|| New York City's first public library, the New York Society Library, is established inside City Hall.
|1762|| First street lamps installed with City funds.|
||Battle of Golden Hill, first conflict of the Revolution|
||"Tea Party" in New York Harbor
||Battle of Long Island|
||Battle of Harlem Heights|
|| Battle of Pell's Point|
||New York City occupied by British.|
||New York City returns to American control.|
- Governor appoints a Mayor.
- Common Council meets.
- City Seal presented.
|| New York City becomes state capital (1785 - 1797) and temporarily the nation's capital (1785 - 1790). During this time, George Washington was inaugurated President at Federal Hall at the corner of Broad and Wall Streets, in downtown Manhattan.
By 1790, New York is the largest US city. In the same year, the Congress passed the Residence Act, which designated an approximately 10-mile stretch of land to become the nation's first capital by design. The site, located along the Potomac River, is now known as Washington, DC.
|| Ellis Island is purchased from the estate of Samuel Ellis by the State of New York and turned over to the Federal government.
|| Present City Hall completed. (Groundbreaking was in 1803.)
|| First horse railroad starts on 4th Avenue.
|| City of Brooklyn established, including towns of Williamsburgh, New Utrecht, Flatlands, Bushwick and Flatbush.
|| First uniformed police force organized.
|| A free academy, later known as City University of New York, is chartered by the City's Board of Education.
|| New York City holds the World Fair (at Crystal Palace near 40th Street and 5th Avenue.)
|| Central Park is purchased.
|| Brooklyn Bridge construction began.
|| The Metropolitan Fire Department is established, which possessed a paid uniform trained force.
|| The Metropolitan Museum of Art and the American Museum of Natural History were founded.
|| The Board of Education and The Board of Superintendents are established--Mayor William L. Strong signed into law a bill that centralized control over the New York City schools. The Board of Education, with authority over the business side of the school system, and a Board of Superintendents, in charge of education, established a school system that precedes by one year, the actual reorganization of the five boroughs into one city.|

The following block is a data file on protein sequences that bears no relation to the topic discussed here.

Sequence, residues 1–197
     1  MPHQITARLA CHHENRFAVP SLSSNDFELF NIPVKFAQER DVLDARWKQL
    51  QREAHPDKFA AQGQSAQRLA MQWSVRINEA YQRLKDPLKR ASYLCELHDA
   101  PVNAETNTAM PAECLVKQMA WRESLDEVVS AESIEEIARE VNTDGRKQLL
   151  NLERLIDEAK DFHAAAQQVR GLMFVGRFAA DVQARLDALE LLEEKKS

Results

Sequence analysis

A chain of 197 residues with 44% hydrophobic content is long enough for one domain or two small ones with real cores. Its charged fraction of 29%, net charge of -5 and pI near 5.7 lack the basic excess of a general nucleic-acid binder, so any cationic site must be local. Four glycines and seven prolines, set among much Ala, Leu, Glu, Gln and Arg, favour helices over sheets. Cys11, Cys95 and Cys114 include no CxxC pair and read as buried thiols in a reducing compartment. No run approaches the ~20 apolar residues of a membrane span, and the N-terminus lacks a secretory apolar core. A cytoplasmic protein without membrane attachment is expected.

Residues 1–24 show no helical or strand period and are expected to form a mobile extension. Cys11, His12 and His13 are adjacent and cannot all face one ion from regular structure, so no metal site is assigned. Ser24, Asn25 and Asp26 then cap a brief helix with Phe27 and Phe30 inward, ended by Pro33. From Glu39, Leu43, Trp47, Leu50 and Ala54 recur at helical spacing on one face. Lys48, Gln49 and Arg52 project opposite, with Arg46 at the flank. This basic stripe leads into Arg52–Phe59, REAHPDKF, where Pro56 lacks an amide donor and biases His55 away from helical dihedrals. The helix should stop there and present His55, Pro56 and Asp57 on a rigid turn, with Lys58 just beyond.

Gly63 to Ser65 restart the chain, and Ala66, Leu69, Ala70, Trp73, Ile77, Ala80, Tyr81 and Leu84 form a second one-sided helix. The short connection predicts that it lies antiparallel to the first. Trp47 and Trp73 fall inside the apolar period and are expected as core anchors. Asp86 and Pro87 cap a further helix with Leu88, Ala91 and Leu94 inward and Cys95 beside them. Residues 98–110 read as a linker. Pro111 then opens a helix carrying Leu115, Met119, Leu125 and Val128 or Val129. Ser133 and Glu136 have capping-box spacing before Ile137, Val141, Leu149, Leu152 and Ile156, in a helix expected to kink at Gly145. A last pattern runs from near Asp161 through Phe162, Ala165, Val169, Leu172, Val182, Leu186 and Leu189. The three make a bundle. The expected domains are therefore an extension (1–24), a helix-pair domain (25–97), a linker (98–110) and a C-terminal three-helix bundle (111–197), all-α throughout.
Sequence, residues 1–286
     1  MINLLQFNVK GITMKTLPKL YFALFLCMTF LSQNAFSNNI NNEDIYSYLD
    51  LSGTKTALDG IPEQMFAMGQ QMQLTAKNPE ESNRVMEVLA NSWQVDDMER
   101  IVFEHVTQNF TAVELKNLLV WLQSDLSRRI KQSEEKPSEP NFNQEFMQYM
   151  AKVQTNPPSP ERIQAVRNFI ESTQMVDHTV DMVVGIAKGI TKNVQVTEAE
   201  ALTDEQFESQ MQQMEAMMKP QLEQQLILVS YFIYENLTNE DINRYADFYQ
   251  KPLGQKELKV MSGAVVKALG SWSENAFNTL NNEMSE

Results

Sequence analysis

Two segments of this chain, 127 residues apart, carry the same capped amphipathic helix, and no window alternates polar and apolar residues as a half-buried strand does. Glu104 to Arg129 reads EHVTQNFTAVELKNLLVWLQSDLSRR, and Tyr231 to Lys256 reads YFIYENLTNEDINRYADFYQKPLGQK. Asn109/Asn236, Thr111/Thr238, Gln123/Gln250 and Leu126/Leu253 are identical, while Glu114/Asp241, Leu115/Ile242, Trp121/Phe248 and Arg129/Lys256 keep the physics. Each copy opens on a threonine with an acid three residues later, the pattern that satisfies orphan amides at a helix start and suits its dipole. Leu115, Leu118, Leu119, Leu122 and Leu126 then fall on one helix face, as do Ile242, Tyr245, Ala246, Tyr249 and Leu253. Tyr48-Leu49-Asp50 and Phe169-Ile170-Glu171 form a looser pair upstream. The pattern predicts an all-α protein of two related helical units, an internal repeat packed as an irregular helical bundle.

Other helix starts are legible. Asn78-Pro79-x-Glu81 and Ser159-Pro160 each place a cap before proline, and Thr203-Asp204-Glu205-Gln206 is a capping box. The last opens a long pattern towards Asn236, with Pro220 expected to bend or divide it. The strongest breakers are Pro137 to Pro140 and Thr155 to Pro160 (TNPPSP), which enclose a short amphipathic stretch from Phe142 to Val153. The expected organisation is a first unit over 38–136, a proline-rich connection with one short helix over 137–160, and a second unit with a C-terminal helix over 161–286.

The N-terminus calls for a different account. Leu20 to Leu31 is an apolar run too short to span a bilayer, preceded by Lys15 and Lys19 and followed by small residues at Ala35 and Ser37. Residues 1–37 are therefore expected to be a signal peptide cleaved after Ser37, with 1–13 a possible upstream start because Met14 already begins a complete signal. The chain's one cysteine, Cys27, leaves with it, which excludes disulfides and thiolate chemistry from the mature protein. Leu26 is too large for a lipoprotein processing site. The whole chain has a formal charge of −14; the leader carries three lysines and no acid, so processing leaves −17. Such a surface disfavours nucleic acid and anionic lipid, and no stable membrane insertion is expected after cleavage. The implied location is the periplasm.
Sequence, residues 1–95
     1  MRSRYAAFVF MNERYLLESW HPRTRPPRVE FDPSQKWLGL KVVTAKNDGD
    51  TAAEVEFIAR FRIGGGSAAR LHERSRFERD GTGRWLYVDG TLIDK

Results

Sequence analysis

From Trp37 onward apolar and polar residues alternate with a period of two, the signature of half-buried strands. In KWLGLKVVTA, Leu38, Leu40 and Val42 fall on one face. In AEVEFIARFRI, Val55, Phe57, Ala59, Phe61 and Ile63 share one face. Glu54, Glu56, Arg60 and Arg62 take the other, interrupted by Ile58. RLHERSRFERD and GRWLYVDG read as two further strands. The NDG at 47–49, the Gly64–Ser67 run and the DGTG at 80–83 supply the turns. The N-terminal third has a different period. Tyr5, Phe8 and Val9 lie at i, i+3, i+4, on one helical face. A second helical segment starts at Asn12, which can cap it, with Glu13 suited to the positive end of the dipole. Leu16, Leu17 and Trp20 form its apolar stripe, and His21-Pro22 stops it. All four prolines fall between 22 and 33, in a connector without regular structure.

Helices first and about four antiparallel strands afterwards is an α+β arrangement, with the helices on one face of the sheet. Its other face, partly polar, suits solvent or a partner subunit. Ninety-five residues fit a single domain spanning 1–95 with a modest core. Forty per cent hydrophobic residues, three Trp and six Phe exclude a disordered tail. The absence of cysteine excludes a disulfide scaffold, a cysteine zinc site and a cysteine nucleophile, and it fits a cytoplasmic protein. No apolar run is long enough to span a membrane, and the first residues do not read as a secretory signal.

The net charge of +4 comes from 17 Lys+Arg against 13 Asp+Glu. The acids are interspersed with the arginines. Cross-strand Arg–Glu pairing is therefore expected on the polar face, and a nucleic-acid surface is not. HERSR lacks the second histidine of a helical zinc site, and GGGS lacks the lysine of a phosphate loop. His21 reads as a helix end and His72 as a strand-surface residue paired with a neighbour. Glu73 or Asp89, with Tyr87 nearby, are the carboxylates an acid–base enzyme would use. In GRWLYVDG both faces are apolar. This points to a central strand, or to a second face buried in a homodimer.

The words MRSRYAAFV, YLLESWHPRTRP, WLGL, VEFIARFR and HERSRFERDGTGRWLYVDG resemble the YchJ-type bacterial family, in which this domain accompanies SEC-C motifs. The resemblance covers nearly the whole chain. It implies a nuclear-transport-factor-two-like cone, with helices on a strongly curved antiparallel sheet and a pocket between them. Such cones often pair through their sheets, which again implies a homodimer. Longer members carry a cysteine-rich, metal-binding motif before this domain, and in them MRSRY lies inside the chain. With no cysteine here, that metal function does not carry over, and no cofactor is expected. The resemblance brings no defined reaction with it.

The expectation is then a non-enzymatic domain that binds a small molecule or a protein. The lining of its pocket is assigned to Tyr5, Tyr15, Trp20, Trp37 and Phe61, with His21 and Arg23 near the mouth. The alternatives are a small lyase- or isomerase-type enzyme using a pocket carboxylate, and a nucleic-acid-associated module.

|| Grant's Tomb is presented. Ulysses S. Grant, the country's 18th President, is honored with the presentation of 'Grant's Tomb,' the nation's largest mausoleum at Riverside Drive and 122nd Street.|
Under President McKinley's direction as host of the military and naval celebration, 60,000 parade marchers and a fleet of ships in the Hudson ushered in the celebration of the famed general and President.
This year, the Tomb is being feted with renovations to mark
|| The Charter of Greater New York was signed (to be ratified on January, 1, 1898. During this reform movement, Mayor Strong became (Republican) Mayor. Strong's reform administration inaugurated the modern system of street cleaning and refuse collection, among other things.
||The New York Public Library begins development. The Department of Public Parks was directed to erect a fireproof building to be used as a public library and reading-room. Competition for design was opened up and competitors were to submit floor plans.
|| Small Parks Commission is established -- Mayor Strong appoints a committee to act with him in an advisory capacity for the selection of sites for small parks. The "Small Parks Commission" submitted a report in October, stating that the lack of play spaces for children compelled them to play in the streets, which were already occupied by car-tracks and overcrowded with traffic.
|| On Ellis Island, the immigration buildings are destroyed by fire.|
The first public high schools are opened -- DeWitt Clinton (for boys), Wadleigh (for girls), and Morris (coed).
|| Williamsburgh Bridge opens.
|| First subway begins operation.
|| Holland Tunnel opens.
|| George Washington Bridge and Floyd Bennett Field (first municipal airport)
|| East River Drive construction begins.
|| Triboro Bridge linking Manhattan, Bronx and Queens opens.
|| Lincoln Tunnel opens.
- World's Fair is held at Flushing Meadows. (1939-40)
- North Beach Airport (La Guardia) is dedicated.
- Bronx-Whitestone Bridge opens.
|| Idlewild International Airport (JFK) opens.
|| United Nations Headquarters completed at UN Plaza.
|| New York Coliseum begins operations.
- Charter revisions adopted by voters.
- Throgs Neck bridge opens.
- Verrazano-Narrows Bridge opens.
- World's Fair held at Flushing Meadows, Queens (1964-65).
|| South Street Seaport restoration established.
- Police HQ. opens at Police Plaza.
- World Trade Center dedicated.
- Charter revisions approved by voters.
- Fiscal problems arise.
|| Recovery from '75 fiscal crisis marked by successful issuance of new City notes.
|| Amended charter issued:
- City Council redistricted and enlarged to 51 members
- Public Advocate made an elected office
- Board of Estimate disbanded, its functions split between the Mayor and the City Council.
|| City Council approves:
- Merger of Emergency Medical Service into NYC Fire Department
- Merger of Transit and Housing Police and Traffic Enforcement into NYC Police Department
- Creation of Trade Waste Commission to regulate private carters in City's effort to eradicate organized crime influence in that industry.